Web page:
KENWOOD — Budget cuts in Chicago Public Schools are cracking the culture at King College Prep, with laid- off teachers publicly lashing out at the school’s principal.
At a marathon four-hour local school council meeting Wednesday night at the school, at 4445 S. Drexel Blvd., angry former teachers claimed African-American staff were being pushed out of the school and publicly chastised Principal David Narain, who said the cuts were not based on race.
Other teachers caught up in budget cuts — which forced the school to eliminate four teacher positions and shift one employee to a half-time position — aimed their frustrations not at CPS, but against the school on Wednesday.
The school’s faculty is still majority African-American but has become more diverse in recent years.
Narain tried to calm the divided room of teachers, parents and students and a local school council that also seemed at times divided against itself.
“I am in the unfortunate position that I have to make decisions people don’t agree with,” Narain said.
After the meeting, Narain said his hands were tied when asked to publicly explain the layoffs because he is barred by CPS from discussing personnel matters. He said the decisions of which positions to cut were not based on race, but on seniority, evaluations and other criteria negotiated between CPS and the Chicago Teachers Union.
Network Nine Chief of Schools Felicia Sanders pulled Narain and the LSC into an hourlong closed door meeting Wednesday night to sort out the issues at the school, but it is unclear what was discussed and Sanders offered no comment after the meeting.
That inability for Narain to discuss the details of why cuts are being made the way they are has allowed for speculation on social media to fill in the gaps.
Narain said he knows accusations against the school have gained momentum on Facebook and brought angry alumni to Wednesday’s meeting, worried the school is slipping just as it achieved CPS’ highest rating and discipline issues have dropped to their lowest levels in three years.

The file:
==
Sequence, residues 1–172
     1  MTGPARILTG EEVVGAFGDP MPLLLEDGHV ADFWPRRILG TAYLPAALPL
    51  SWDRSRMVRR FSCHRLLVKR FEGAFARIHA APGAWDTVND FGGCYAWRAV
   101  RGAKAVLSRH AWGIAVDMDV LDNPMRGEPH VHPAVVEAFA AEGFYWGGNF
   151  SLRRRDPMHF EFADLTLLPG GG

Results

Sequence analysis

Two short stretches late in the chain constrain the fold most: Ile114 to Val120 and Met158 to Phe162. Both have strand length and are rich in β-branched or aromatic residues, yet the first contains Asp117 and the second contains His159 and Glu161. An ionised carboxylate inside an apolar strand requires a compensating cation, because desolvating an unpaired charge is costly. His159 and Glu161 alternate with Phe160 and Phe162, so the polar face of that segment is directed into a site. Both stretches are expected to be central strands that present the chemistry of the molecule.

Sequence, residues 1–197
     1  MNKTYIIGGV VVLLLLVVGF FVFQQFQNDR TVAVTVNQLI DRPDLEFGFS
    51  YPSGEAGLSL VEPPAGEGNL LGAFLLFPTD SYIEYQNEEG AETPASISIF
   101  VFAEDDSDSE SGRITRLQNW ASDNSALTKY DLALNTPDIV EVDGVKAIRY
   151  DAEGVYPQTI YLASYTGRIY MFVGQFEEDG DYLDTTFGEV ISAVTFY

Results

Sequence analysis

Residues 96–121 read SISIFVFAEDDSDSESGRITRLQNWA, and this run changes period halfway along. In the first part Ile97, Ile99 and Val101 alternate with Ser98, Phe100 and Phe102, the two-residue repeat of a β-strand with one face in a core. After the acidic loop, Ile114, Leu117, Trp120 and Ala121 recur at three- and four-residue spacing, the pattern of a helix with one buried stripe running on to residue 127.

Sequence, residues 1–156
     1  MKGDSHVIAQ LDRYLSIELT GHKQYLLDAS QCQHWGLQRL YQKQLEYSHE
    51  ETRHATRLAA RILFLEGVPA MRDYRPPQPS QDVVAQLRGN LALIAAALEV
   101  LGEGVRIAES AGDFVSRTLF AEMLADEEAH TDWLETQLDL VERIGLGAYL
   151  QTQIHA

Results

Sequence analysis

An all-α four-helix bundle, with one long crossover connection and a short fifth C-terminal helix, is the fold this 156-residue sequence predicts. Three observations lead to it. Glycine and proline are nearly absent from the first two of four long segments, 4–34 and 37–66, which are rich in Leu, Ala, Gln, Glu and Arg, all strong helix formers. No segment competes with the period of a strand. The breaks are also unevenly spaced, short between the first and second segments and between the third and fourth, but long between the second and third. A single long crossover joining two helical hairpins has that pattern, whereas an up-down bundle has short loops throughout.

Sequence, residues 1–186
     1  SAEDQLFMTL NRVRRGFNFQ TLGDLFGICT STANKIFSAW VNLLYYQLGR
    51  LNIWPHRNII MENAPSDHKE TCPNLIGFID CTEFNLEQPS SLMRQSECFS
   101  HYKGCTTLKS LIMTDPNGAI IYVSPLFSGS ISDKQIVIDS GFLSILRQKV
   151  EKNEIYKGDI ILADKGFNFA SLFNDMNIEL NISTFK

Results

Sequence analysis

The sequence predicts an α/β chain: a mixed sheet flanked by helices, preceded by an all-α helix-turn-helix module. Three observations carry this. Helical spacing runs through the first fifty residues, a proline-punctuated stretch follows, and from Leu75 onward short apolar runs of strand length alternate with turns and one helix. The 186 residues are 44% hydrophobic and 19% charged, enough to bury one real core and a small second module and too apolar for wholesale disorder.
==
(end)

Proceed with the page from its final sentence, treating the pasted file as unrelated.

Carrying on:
“The problem we have here at King is an adult problem,” Narain said. “Morale is an issue that needs to be addressed and that trickles down from the adults to the students.”
“People are not always going to be happy with change,” Narain said.
The LSC on Wednesday still seemed to be adjusting to that change.
Council members repeatedly pushed back against Narain on issues like hiring an off-duty police officer for five hours a day for $13,000 after budget cuts forced an early retirement for Reuben Norris. Norris was beloved at the school, where he had manned the front security desk and refereed basketball games for years, but Narain said the $60,000 required to keep him there was no longer affordable.
Students said the morale in the school was starting to slip and some said the debate about white versus black teachers now was dividing the school more than preserving its culture.
“There’s no sense of allegiance,” said Caleb Mitchell, a senior. “I’ve had Ms. McCaffrey and Ms. Hansberry for math and they both teach it differently and that’s not because of race.”
The school has struggled in the past with its identity as one of the South Side’s best schools that attracted some of the best African-American teachers in the city to teach at the selective-enrollment school whose student body is 93 percent African-American.
In 2013, the school developed a reputation as being hostile to white teachers after several white teachers quit amid public accusations that then-Principal Shontae Higginbottom was trying to push out teachers who were not African-American.
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